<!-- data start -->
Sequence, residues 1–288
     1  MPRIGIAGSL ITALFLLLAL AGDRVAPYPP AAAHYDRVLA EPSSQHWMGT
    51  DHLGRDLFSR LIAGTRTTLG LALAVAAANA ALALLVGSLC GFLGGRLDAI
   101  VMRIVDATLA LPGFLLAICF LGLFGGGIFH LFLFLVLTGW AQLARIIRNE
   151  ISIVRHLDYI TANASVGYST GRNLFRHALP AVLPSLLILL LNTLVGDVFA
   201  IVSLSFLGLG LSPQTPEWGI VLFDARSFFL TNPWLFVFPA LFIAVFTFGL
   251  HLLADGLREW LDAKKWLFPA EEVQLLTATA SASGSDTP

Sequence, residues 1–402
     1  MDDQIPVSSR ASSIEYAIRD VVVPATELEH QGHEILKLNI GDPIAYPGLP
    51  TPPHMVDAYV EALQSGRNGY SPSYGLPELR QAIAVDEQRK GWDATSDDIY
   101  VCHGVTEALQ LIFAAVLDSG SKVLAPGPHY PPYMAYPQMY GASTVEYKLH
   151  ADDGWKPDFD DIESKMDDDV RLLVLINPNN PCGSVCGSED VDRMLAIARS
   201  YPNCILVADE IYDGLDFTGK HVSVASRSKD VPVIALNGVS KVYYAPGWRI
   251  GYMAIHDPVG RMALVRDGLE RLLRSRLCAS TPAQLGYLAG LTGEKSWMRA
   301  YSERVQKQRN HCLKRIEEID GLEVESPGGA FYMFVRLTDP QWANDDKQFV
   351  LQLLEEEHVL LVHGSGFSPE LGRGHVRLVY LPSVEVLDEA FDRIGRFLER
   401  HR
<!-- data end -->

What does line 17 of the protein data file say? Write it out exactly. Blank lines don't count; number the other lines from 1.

   401  HR